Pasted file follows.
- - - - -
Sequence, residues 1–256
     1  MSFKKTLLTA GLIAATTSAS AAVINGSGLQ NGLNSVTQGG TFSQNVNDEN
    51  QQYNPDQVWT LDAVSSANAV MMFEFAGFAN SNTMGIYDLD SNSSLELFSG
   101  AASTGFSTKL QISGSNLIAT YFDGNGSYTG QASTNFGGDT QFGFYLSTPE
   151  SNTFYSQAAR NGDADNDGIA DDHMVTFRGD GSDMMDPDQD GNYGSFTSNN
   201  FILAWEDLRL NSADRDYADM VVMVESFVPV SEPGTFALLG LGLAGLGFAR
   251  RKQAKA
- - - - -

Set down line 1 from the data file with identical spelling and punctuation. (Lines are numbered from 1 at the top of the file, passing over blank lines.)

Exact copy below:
Sequence, residues 1–256